In usability testing, you'll be looking at aspects of your web application that affect the user's experience, such as:

* How easy is it to navigate through your web application?
* Is it obvious to the user which actions are available to him or her?
* Is the look-and-feel of your web application consistent from page to page, including font sizes and colors?

The book, "Don't Make Me Think! A Common Sense Approach to Web Usability" by Steve Krug and Roger Black, provides a practical approach to the topic of usability. I refer to it often, and recommend it highly.

In addition to the traditional navigation and look-and-feel issues, Section 508 compliance is another area of importance. The 1998 Amendment to Section 508 of the Rehabilitation Act spells out accessibility requirements for individuals with certain disabilities.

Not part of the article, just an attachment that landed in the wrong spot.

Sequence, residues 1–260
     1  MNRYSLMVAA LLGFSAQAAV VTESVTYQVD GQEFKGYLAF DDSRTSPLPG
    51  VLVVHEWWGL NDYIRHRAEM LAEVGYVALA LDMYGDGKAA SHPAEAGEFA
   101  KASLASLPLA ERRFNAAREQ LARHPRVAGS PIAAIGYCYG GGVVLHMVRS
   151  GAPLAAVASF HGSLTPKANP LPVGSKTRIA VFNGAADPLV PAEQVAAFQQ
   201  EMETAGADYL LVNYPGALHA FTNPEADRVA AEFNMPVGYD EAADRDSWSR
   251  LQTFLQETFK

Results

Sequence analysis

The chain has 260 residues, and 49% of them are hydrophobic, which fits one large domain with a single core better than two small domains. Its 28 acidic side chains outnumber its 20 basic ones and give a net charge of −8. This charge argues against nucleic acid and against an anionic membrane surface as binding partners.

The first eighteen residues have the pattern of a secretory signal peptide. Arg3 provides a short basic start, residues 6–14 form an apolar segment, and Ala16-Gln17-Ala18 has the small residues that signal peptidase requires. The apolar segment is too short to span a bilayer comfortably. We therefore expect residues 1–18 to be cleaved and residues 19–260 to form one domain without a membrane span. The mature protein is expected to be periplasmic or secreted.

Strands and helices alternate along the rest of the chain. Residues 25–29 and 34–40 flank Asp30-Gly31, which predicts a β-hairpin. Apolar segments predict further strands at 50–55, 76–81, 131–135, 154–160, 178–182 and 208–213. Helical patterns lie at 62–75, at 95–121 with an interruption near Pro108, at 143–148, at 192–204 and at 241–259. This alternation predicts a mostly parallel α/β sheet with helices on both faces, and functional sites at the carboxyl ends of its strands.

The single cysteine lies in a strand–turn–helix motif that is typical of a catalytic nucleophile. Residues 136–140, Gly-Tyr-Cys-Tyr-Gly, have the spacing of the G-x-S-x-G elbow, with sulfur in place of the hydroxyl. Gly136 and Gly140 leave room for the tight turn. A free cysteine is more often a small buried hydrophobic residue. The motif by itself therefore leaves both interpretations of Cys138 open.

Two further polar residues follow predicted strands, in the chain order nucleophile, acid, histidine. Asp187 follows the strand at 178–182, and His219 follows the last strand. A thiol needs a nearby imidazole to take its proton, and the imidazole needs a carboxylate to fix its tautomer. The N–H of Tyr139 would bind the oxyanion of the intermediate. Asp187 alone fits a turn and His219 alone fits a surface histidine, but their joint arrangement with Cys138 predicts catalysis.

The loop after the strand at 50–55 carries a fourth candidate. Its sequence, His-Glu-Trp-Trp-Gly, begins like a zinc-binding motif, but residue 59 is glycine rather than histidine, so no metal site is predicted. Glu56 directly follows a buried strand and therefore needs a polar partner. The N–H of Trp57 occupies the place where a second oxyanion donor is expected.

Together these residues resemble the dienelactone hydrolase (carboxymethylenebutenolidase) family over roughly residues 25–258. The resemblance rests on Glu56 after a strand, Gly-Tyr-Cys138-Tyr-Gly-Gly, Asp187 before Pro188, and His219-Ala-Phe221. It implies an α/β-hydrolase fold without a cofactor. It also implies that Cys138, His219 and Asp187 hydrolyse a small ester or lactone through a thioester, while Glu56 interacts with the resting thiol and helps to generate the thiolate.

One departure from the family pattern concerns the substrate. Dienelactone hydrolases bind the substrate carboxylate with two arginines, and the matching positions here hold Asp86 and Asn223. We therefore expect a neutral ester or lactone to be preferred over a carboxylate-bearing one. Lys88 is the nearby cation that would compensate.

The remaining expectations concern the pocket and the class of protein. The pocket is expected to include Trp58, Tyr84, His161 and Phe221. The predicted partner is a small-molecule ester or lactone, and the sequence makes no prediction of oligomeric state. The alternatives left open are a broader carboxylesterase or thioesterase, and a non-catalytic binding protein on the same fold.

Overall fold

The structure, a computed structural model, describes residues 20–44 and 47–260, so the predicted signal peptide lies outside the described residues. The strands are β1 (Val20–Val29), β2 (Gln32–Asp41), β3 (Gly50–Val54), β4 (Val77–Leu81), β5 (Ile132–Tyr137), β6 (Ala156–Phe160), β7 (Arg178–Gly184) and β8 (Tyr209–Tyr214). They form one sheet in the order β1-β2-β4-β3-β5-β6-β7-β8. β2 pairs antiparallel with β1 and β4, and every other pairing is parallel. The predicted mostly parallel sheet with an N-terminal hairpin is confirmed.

For instance, if a user forgets to fill in a required field, you might think it is a good idea to present the user with a friendly error message and change the color of the field label to red or some other conspicuous color. However, changing the color of the field label would not really help a user who has difficulty deciphering colors. The use of color may help most users, but you would want to use an additional visual clue, such as placing an asterisk beside the field in question or additionally making the text bold.

For more details, refer to Another great resource that can help analyze your HTML pages for Section 508 compliance can be found at If you are working with the United States federal government, Section 508 compliance is not only good design, it most likely is a legal requirement. You may want to utilize the following information regarding techniques for accessibility evaluation and repair tools, which can be found at

Step 6 – Unit Testing